Australian billionaire denounces bosses for letting employees work from home
Australian real estate billionaire Harry Triguboff has slammed bosses across the country for continuing to allow employees to work from home in a post-pandemic landscape.
It was part of the health advice to do as much work as possible since your humble abode last year to prevent people from using public transport and other services.
Now that the pandemic poses a much lower risk, Australians have been allowed to return to their offices and CBD is once again a vibrant and busy place.
However, there have been many companies that keep the work from home model because it gives staff more flexibility and better balance.
While a lot of people are happy with the idea, Triguboff says it’s problematic.
The real estate developer and founder of Meriton spoke at an Urban Taskforce event last week, where he said, “We need to stop this work from home as well. You may have numbers indicating that they will work. I say that they only work half the time. ”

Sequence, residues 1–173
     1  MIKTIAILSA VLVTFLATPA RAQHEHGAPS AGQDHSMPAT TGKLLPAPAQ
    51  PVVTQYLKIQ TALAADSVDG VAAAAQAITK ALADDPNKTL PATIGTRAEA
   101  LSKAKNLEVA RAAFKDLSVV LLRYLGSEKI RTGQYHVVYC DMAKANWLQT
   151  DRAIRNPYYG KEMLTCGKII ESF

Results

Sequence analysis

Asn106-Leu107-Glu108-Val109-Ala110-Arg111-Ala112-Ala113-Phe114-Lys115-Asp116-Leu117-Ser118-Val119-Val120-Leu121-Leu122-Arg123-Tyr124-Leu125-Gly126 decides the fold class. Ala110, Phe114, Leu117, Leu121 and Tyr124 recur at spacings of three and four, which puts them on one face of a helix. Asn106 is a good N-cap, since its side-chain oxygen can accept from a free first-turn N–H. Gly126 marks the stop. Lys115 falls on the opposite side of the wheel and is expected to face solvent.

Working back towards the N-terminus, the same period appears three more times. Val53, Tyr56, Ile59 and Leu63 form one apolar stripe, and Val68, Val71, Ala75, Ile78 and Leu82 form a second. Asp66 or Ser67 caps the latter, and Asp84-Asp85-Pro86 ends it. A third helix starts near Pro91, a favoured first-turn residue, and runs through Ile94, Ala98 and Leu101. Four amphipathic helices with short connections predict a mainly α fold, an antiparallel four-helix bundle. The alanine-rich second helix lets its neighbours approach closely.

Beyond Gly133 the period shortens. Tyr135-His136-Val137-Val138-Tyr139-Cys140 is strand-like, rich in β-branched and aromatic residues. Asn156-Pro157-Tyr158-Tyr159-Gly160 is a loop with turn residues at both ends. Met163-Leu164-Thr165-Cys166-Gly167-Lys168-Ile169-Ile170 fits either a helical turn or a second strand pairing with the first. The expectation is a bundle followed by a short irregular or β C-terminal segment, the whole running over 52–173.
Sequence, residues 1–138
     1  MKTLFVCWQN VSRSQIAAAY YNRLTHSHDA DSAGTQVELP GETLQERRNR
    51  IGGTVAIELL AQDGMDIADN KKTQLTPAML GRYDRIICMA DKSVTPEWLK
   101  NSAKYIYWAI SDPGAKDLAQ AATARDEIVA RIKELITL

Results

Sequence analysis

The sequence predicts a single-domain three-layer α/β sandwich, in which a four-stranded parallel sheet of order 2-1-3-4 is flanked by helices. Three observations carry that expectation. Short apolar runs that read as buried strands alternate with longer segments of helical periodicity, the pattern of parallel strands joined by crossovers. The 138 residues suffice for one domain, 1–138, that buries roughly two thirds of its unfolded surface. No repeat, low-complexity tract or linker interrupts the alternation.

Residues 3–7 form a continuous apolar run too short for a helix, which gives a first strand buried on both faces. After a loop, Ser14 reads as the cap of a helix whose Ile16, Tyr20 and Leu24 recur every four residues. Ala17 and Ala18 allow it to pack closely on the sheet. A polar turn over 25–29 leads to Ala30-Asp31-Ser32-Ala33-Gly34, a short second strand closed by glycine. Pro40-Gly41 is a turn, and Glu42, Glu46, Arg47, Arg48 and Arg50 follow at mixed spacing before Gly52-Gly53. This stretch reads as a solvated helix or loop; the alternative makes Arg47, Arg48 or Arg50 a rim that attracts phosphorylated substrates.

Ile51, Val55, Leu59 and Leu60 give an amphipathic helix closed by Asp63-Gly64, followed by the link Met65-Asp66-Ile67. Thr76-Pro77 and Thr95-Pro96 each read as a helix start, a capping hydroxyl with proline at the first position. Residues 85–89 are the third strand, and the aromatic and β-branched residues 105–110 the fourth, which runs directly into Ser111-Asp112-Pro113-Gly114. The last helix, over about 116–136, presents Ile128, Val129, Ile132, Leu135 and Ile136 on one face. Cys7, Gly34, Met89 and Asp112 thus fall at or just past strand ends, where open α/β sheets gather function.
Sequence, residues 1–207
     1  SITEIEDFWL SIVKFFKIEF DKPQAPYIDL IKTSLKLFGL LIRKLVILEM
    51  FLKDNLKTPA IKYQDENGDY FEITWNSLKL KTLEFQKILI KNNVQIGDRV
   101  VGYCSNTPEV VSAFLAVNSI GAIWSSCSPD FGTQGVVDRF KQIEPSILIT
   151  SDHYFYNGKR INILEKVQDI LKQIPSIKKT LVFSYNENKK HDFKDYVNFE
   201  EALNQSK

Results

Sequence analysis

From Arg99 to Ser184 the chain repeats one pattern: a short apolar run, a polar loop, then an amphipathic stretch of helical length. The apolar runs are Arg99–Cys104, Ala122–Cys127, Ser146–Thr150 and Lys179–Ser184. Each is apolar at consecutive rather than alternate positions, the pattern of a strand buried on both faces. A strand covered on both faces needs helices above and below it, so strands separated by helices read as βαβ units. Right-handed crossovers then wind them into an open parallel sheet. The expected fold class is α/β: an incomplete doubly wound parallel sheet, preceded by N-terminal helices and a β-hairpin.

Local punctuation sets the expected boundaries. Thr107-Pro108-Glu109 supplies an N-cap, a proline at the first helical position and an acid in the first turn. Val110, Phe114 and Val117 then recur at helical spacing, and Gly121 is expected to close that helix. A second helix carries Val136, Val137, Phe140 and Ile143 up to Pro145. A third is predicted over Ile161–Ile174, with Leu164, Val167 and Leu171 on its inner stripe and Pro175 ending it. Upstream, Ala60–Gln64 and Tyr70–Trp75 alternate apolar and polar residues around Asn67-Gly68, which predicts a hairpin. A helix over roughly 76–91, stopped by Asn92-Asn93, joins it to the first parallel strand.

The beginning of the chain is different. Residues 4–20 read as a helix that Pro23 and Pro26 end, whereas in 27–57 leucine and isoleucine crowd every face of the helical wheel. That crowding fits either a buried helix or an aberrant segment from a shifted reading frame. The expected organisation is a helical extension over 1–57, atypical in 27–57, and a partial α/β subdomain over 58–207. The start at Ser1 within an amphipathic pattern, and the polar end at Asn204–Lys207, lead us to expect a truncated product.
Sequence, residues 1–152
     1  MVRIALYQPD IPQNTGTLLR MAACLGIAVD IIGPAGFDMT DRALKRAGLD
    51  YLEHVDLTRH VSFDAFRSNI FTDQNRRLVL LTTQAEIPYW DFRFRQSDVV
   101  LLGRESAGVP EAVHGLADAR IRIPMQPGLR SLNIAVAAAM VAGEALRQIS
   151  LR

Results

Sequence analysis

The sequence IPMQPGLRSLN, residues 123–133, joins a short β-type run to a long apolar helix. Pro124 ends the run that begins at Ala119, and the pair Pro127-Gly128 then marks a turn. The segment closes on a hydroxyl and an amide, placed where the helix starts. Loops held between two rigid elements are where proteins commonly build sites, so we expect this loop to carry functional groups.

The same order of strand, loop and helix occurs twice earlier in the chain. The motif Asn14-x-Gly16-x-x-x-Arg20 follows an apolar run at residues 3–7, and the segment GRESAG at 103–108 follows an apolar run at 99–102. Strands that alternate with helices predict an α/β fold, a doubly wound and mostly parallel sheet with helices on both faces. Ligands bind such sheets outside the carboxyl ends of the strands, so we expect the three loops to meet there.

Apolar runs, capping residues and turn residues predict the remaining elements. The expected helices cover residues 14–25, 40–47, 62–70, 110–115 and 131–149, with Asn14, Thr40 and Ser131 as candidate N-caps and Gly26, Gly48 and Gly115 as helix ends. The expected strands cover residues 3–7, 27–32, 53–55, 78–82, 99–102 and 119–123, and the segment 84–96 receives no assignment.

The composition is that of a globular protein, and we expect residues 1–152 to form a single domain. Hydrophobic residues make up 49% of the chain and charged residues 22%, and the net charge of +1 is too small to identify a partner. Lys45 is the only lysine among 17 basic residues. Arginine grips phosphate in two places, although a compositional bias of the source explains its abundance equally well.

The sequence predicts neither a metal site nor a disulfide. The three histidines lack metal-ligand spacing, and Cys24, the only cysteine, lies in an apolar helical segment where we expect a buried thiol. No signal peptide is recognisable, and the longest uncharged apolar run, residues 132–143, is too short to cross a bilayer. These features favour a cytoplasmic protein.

Interestingly, while there can be mental issues with working from home all the time, it does have its benefits.
A review of several studies done last year and published in BMC Public Health found that people who worked from home experienced less time pressure, fewer role conflicts, more autonomy (leading to less burnout) and an improved sense of personal well-being. more in a stressful office environment.
The authors pointed to a study which concluded: “Anderson measured the effect of WAH [work at home] on the mental well-being of government employees (all participants were WAH> 1 day per fortnight), and found that WAH had a positive effect on well-being (feeling comfortable, grateful, enthusiastic, happy and proud) with less negative effect on well-being (bored, frustrated, angry, anxious and tired).
“The study also found that individual traits of openness to experience, lower rumination, and greater social connectivity moderated the relationship between WAH and positive well-being, and a high level of social bonding (apart from labor) was linked to a less negative effect on well-being. ”
It’s not all roses and happiness when you work from home.
Some studies have found an increase in social isolation when employees work from home, which is normal when you don’t spend eight hours a day with lots of people.